Karen Horneffer-Ginter
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"You Don't Know How Lucky You Are"

I still recall the first time I spoke the words, "You don't know how lucky you are." I had been waiting decades for my turn, after having been the recipient of this phrase many times as a child. Back then, I was reminded to feel fortunate for things that I often did feel grateful for, with or without the reminder.

What I didn't understand back then was that the reminder actually had very little to do with me. It wasn't so much that the person who was pointing out that I was lucky had some concern about my sense of gratitude. It was more that they were attempting to cope with the contrast between what I had and what they hadn't had. They were trying to come to terms with how lovely it would have been to have a color television, or a short walk to school, or a cell phone to carry with them.

I came to understand this, years later, when I was teaching at a university. I found the phrase rolling out of my mouth with unexpected emotion. I even raised my voice to ensure I had my students' attention. It was important, maybe even essential, that I be heard.

At the time, I was passing back proposals the students had written for their final research papers. They had documented their plans for gathering information, and it became apparent to me in reviewing their lists of proposed resources that no one was planning to even step foot into a library. Everyone was planning to gather all the information that any professor could ask for in the comfort of their own dorm rooms with the luxury of their personal computers and the college's internet services.

All I could think of was the long days spent in dusty depressing university libraries, hours spent searching for relevant journal articles, using card catalogues and then CD ROMs that I often had to wait to check out-- the labor involved in hauling bound journals to the photocopying machine, wrestling books into their flattened position, and absorbing the eerie, red heat of the machine with each push of the start button.

I realize that we all have our tales of woe to tell, most being far more impressive than mine. Even within the sphere of academia, I'm aware that there are actual living human beings who had to use a typewriter to complete their theses and dissertations. I understand how they might want to sit me down and offer a reality check, as they attempt to conceal the froth forming in the corners of their mouths. They realize, as I do, that it wouldn't be acceptable to strangle the next generation because of the unappreciated eases they are granted.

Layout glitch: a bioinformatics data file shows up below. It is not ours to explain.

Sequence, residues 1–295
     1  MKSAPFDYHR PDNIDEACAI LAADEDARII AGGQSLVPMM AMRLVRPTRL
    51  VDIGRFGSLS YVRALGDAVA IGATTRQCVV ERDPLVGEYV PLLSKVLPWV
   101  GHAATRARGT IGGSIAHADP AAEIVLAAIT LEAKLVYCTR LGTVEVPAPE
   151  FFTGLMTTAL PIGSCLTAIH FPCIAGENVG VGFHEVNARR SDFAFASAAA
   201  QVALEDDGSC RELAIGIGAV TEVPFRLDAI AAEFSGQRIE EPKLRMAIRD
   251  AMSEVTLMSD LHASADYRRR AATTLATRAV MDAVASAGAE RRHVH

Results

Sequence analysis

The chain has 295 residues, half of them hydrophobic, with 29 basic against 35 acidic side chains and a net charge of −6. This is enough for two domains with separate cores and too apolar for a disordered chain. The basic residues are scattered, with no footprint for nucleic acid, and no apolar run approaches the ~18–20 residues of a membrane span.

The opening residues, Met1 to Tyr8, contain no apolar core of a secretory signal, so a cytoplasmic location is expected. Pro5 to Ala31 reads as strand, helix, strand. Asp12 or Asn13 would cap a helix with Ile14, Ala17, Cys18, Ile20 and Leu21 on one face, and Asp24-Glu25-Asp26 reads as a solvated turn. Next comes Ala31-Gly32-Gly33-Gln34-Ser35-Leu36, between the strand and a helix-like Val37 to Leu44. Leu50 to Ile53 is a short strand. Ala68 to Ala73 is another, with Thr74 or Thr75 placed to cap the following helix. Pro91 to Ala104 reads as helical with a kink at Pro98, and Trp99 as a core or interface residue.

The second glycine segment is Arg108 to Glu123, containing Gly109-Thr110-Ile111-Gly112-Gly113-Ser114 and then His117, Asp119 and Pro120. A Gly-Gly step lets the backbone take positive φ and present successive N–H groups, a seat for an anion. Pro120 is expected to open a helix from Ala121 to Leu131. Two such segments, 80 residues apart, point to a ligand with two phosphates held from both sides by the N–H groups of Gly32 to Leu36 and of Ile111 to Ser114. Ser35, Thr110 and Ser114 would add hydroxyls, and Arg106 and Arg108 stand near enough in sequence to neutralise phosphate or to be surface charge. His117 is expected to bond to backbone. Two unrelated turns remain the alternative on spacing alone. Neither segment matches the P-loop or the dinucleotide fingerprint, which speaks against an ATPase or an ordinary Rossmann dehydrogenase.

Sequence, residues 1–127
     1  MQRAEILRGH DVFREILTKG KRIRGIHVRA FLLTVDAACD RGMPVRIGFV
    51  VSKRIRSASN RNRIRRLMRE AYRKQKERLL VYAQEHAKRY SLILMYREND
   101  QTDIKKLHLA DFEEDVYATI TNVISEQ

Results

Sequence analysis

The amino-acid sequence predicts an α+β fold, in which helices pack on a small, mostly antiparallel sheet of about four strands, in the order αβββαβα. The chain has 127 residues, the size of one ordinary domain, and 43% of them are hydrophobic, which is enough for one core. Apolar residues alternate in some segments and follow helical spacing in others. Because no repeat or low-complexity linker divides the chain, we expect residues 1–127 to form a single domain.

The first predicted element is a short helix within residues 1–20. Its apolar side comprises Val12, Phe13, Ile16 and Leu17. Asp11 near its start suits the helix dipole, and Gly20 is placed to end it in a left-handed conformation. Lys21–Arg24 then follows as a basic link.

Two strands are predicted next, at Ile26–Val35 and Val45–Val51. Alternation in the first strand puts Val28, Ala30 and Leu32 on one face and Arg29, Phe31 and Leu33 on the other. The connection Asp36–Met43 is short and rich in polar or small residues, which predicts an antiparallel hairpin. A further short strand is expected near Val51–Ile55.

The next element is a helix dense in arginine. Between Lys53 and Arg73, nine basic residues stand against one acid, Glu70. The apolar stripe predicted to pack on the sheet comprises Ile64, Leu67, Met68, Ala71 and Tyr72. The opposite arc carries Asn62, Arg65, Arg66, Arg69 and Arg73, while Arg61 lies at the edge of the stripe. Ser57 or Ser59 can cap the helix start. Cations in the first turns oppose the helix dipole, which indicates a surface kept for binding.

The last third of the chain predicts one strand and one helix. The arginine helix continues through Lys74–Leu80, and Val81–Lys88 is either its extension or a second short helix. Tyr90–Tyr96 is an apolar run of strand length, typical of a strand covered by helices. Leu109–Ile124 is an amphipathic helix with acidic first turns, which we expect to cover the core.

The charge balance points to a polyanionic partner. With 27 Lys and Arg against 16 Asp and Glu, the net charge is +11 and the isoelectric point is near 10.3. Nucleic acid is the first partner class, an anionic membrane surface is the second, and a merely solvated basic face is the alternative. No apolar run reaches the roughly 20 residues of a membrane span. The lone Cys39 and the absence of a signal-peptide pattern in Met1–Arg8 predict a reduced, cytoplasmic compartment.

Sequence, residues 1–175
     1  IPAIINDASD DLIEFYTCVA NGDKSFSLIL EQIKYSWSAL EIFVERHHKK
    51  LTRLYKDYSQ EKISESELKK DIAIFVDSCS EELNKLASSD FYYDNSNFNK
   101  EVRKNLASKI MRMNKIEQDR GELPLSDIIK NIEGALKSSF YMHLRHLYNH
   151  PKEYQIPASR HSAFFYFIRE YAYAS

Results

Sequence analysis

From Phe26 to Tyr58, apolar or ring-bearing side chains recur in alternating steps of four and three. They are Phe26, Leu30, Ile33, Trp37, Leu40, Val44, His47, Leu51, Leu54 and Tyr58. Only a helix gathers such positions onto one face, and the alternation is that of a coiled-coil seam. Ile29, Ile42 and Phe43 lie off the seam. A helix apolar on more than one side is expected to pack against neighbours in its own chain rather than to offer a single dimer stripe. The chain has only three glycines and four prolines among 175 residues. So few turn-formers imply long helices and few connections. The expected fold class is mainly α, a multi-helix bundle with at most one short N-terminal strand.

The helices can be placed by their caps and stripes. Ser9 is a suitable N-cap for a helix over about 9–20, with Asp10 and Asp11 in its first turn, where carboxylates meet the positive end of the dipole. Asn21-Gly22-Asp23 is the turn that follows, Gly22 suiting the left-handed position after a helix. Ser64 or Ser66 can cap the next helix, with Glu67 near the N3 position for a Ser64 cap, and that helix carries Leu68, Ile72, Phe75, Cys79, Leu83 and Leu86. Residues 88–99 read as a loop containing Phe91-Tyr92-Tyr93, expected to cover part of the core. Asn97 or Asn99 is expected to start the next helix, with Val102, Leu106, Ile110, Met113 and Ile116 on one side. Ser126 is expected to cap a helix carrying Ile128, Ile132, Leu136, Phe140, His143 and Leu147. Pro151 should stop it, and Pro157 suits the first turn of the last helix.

When I recently bought a sweatshirt, the tag explained that by going to the manufacturer's web-site and typing in the clothing item's bar code number, the consumer could trace the sweatshirt back to its origin, even to the point of meeting the sheep from which the wool came. I thought this was the coolest thing I'd ever heard and I eagerly got online awaiting the name and face of the sheep who had offered his or her wool for my sweatshirt. I soon realized that it was actually a flock of sheep I was looking at, but all the same, I was impressed.

It occurred to me that this is the type of technology I need for the students of today to fully understand what used to go into writing a paper. They need to be able to do a trace on papers written in former decades in order to understand the inequity of effort. Thoreau once said, "The cost of a thing is the amount of what I call life which is required to be exchanged for it, immediately or in the long run." The trace-back could allow them to see that they're getting a steal.

The only problem with my plan is the possibility that others might impose such traces on me. What if I'm made to look at how much harder certain things were back before my day? What if I have to consider the origins of things in my everyday life that aren't as pleasant as the flock of free-roaming sheep, like my frozen chicken dinner or my tennis shoes? I wouldn't mind taking in the grape's journey to becoming a raisin, but it scares me to think of what's gone into corn dogs or non-dairy creamers or worse yet "fat-free half & half" (what does that even mean?).

What if I have to see where my garbage goes, and how much effort went into raising me? And what if all the comparisons, when laid side-by-side, generation vs. generation, make me look like a wimp? Worse yet, maybe I'll look like a spoiled wimp who never has appreciated life nearly enough, whose journey from book shelf to copier are laughable in comparison to those toiling in the fields, or to the bravery required for there to be university libraries at all.

In truth, I should be going around stating, "We don't know how lucky we are." "We just really don't get how lucky we are."

But the problem is, this just doesn't have the same effect…

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